Today’s reading is: Gen. 30:25-31:55
Genesis Chapter Thirty
(Chapter Thirty outline continues from yesterday)
- Upon completion of his second marriage contract, Jacob declares his intention to depart, but Laban once again cuts a deal (Gen. 30:25-34).
- Laban knows that he is reaping temporal-life blessings so long as Jacob stays with him (vv.27,30).
- Laban continues to push the sale, and closes the deal with a third work contract (vv.31‑34).
- Jacob strikes a bargain that seems foolish, but he apparently does so under Divine inspiration.
- Jacob undertakes six years of animal husbandry, manipulating the mating habits of Laban’s flock, and making a fortune for himself (Gen. 30:35-43).
- Externally, Jacob utilized a mysterious colored rod method to control the color of the offspring.
- The reality of the matter, though, was that Jacob was simply following God’s guidance on a daily basis, as the Lord communicated instructions to Jacob by means of his nightly dreams (Gen. 31:10-12).
- Ten times in the course of the third contract, Laban changed the terms of the agreement (Gen. 31:7,8).
- Jacob is finally learning how to leave his dealings in God’s hands, and how to walk by means of grace through faith (Gen. 31:9).
Genesis Chapter Thirty-One
- Jacob observes a growing hostility on the part of Laban and his sons (Gen. 31:1,2).
- The Lord informs Jacob that the time has come for his return to Canaan (Gen. 31:3,13). Note: God calls himself the God of Bethel, and holds Jacob to his foolish vow (Gen. 28:20-22).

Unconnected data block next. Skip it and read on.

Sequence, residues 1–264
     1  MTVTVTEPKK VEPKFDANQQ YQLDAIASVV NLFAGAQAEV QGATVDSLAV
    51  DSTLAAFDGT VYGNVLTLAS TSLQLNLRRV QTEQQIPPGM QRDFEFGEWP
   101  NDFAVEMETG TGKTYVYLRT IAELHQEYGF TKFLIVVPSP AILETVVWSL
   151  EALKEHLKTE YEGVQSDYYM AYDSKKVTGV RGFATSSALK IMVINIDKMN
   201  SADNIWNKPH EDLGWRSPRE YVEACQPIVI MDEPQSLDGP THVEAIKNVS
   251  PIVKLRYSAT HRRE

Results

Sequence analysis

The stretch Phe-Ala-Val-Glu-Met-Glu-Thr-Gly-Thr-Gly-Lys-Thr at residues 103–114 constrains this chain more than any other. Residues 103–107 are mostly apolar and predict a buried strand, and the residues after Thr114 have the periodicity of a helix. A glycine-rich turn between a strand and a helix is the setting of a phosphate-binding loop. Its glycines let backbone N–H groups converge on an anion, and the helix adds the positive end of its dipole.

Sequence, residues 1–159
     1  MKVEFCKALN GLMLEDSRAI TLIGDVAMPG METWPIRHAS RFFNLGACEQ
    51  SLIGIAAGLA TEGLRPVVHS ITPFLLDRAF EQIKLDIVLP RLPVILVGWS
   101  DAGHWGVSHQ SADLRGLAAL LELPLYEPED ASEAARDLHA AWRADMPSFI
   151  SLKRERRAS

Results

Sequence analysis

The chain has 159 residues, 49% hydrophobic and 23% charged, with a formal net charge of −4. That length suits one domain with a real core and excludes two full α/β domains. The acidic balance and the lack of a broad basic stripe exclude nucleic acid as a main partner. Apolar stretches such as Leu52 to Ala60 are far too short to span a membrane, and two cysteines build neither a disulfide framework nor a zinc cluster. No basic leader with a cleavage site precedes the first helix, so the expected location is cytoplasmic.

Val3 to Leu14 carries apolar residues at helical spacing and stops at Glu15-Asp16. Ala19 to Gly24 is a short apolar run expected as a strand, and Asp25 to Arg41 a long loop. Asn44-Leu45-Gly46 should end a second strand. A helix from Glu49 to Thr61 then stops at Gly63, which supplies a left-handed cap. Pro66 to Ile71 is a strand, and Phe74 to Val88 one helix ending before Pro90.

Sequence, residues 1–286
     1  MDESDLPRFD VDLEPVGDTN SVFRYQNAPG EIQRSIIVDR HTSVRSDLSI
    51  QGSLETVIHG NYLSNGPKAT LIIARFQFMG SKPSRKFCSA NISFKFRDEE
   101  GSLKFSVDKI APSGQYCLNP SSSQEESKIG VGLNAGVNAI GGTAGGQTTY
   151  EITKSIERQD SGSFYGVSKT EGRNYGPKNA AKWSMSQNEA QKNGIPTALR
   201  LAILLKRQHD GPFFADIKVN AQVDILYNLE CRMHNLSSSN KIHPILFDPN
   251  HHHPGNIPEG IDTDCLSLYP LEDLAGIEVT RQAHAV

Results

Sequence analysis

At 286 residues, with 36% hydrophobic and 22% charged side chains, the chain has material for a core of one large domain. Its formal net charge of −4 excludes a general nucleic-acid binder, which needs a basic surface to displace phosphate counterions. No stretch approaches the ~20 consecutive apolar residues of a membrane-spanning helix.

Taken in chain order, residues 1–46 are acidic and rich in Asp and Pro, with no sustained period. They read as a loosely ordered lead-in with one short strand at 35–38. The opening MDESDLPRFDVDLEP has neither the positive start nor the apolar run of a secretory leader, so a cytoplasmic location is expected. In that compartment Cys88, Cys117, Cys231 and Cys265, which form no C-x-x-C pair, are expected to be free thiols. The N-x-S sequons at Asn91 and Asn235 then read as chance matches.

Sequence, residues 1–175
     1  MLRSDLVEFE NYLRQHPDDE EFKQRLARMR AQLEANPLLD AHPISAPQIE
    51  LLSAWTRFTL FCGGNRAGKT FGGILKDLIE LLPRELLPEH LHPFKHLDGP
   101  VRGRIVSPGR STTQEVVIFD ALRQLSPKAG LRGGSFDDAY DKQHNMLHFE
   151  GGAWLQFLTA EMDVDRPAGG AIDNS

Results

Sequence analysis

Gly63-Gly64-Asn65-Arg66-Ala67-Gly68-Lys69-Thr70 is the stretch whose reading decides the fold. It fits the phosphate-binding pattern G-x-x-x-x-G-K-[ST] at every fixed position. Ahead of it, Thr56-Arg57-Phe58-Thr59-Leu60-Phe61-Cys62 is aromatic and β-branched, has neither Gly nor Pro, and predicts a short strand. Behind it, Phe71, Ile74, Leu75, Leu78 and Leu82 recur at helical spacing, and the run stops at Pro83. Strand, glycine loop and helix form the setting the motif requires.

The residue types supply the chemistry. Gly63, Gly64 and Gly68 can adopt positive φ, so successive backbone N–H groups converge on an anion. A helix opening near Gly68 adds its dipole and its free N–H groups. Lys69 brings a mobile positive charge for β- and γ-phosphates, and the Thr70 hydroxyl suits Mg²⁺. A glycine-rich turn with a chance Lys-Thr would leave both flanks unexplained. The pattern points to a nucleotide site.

- Jacob summons his two main wives, and plans the escape (Gen. 31:4-16).
- They make their plans in the field, away from Laban’s sons or servants.
- Rachel and Leah agree that they can no longer remain with their father (vv.14‑16).
- Jacob arrived in Haran fleeing from one hostile brother, and he now departs Haran fleeing from many hostile brothers-in-law and a hostile father-in-law (Gen. 31:17-22).
- He flees as fast as he can with four wives, twelve children, and great numbers of camels & livestock (vv.17,18).
- Rachel, unbeknownst to Jacob, steals Laban’s teraphim (household idols) (v.19).
- Jacob gets three days away from Laban before the escape is discovered (v.22).
- Laban chases Jacob, and catches him on the seventh day (Gen. 31:23-55).
- The night before catching Jacob, Laban is visited by God, and commanded to not “speak to Jacob either good or bad” (vv.24,29; Gen. 24:50).
- Laban demanded an explanation from Jacob for his secret departure (vv.26-28).
- Laban claims that he is only sparing Jacob because of God’s interference on Jacob’s behalf (v.29).
- Laban also demands that Jacob explain himself for the theft of the teraphim (v.30). In the Mesopotamian culture, those teraphim could be used by Jacob in an inheritance dispute.
- Jacob confesses his flight was motivated by fear, but denies that he took the teraphim (vv.31,32).
- Laban ransacked Jacob’s encampment, but was out-Labaned by his daughter Rachel (vv.33-35).
- After Laban’s unsuccessful search, Jacob can freely make accusations against Laban’s unfair treatment over the past 20 years (vv.36-42).
- Laban concludes his side of the argument by claiming that everything of Jacob’s is really his (v.43).
- Laban & Jacob part ways by entering into their fourth contract—an obligation on Jacob’s part to take no more wives, and treat Laban’s daughters well, and a mutual contract to remain apart from one another (vv.44-55).